If you have a nontraditional address, such as a motor home or transitional housing, your voting residence is the physical location at the time you register to vote. You may list a different address for your mailing address.
If you are a United States citizen living abroad, you may use your last Washington address. If you have never lived in the country, you may use the last address of your parents or other family member.
Even if you are living outside of Washington State, you will retain your residency if you are:
- employees in the civil or military service of the state or of the United States;
- living overseas;
- attending college or any institution of learning; or
- confined in any public prison.
You may maintain your voter registration in Washington State until you register to vote elsewhere.
For more information about voting residence, see Article VI, Sections 1 and 4 of the Washington State Constitution, RCW 29A.04.151, and RCW 29A.08.112.
To challenge a voter registration, you must file a Voter Challenge Form with the county elections department where that person is registered.
Felons and voting rights RCW 29A.08.520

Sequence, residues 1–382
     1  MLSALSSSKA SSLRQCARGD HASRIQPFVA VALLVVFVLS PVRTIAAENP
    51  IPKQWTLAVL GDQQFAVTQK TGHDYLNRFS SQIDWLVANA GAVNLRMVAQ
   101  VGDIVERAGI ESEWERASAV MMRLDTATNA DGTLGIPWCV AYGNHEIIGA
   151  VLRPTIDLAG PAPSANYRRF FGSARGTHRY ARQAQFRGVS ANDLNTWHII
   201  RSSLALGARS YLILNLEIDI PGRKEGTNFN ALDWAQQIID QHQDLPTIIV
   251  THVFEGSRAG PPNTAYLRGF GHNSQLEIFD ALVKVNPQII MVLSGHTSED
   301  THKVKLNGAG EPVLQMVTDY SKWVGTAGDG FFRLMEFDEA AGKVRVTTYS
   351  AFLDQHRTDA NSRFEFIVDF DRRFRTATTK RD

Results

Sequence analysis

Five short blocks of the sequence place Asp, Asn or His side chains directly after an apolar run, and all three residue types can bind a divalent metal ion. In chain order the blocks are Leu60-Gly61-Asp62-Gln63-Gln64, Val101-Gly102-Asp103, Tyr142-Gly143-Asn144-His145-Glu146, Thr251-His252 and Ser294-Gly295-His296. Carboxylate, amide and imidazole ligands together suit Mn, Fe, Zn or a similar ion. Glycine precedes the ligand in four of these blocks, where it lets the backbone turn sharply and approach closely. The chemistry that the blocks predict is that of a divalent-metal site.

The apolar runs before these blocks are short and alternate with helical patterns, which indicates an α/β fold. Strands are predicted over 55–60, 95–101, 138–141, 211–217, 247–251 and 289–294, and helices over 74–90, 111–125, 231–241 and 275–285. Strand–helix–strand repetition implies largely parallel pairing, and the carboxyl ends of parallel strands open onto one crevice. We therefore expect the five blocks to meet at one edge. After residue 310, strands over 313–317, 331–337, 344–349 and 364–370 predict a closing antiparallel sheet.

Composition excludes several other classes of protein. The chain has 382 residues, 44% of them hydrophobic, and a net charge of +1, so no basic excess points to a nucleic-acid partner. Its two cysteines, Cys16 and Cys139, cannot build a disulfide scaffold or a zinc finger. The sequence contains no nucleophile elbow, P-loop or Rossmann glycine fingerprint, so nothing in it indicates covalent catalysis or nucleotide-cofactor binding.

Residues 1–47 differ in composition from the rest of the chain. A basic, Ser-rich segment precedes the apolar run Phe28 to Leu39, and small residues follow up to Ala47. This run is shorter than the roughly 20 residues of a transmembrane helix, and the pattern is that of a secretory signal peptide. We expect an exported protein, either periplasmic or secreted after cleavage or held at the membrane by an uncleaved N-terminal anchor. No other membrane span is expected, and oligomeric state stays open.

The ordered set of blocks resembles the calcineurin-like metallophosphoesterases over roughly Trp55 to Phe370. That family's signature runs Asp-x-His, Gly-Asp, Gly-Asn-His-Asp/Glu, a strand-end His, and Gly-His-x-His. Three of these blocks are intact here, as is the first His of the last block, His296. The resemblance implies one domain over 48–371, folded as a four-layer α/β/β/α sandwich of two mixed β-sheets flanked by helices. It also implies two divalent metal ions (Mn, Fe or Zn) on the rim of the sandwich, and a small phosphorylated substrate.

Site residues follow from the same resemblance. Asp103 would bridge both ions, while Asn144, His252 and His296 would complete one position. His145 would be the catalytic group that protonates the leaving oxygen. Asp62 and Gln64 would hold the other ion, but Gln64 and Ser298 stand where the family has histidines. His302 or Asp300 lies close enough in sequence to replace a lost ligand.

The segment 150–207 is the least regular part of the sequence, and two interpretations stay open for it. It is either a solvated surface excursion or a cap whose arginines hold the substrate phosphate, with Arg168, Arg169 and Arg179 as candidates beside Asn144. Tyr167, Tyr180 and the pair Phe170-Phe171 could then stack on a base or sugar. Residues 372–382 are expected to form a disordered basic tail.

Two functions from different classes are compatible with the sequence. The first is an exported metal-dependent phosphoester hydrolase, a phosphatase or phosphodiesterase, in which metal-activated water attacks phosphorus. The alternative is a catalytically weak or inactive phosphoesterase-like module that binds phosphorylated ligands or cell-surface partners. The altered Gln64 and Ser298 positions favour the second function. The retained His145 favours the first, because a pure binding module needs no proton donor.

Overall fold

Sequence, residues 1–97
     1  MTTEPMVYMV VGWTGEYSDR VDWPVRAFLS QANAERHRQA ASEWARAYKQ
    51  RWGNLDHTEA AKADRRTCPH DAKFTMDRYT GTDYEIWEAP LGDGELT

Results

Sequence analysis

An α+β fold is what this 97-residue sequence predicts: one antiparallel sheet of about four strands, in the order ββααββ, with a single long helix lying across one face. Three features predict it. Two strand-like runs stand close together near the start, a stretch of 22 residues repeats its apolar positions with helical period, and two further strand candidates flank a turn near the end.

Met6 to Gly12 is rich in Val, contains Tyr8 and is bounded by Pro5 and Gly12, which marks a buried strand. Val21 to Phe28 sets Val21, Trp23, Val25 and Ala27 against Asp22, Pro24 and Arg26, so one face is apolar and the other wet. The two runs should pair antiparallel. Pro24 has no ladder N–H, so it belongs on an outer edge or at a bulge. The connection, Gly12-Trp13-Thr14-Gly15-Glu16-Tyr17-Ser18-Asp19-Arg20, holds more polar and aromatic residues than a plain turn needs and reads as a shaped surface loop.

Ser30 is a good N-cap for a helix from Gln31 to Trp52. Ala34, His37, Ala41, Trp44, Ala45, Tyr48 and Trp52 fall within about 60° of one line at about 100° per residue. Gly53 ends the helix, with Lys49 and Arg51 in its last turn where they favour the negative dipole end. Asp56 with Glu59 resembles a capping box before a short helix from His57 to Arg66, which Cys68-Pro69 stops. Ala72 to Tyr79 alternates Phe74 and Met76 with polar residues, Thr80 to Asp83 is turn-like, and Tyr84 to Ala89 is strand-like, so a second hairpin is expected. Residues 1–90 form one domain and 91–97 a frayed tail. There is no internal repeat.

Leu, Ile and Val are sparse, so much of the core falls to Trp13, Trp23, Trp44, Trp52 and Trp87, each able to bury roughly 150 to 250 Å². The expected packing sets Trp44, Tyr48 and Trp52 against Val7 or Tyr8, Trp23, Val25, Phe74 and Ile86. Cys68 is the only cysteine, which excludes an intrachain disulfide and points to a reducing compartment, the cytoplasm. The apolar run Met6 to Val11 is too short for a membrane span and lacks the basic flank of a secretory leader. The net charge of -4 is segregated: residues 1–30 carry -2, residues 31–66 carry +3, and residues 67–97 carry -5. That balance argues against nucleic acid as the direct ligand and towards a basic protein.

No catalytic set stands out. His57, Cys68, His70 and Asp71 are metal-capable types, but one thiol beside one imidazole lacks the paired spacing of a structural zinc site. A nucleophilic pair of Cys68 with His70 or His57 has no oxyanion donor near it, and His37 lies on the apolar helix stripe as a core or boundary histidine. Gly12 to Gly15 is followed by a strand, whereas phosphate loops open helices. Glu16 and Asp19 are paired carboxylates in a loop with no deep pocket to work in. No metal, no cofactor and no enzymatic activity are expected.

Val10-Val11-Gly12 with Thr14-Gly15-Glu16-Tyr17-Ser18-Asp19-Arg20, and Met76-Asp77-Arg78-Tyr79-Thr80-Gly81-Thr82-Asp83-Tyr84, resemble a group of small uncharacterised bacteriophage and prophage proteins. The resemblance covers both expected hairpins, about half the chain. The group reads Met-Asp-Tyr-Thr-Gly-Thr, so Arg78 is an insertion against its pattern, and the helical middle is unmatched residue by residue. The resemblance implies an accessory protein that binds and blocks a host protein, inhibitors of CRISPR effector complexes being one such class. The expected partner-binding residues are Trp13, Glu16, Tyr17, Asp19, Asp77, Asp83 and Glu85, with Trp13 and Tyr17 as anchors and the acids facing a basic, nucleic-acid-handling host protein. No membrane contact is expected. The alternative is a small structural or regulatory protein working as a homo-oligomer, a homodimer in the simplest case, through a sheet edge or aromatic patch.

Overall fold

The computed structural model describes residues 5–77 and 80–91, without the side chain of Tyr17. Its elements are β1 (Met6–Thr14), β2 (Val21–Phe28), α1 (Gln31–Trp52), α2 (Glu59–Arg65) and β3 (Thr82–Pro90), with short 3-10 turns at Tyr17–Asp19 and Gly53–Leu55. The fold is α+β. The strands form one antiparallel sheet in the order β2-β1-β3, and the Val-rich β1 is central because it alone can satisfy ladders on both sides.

If you were convicted of a felony in a Washington State court, your right to vote is restored automatically once you are no longer under the authority of Department of Corrections (DOC) (in prison or on community custody). If you have questions about your status with DOC, you can call (800) 430-9674.
If you were convicted of a felony in another state or in a federal court, your right to vote is restored as long as you are not currently incarcerated for that felony.
- You do not lose the right to vote for a misdemeanor conviction or a conviction in juvenile court.
- You do not need a certificate of discharge (COD) to have your voting rights restored.
Fines, restitution, or other legal financial obligations (LFOs)
You are not required to completely pay off your fines, restitution, or other legal financial obligations (LFOs) before you register to vote. However, your voting rights can be revoked if the sentencing court determines that you have failed to comply with the terms of your legal financial obligations.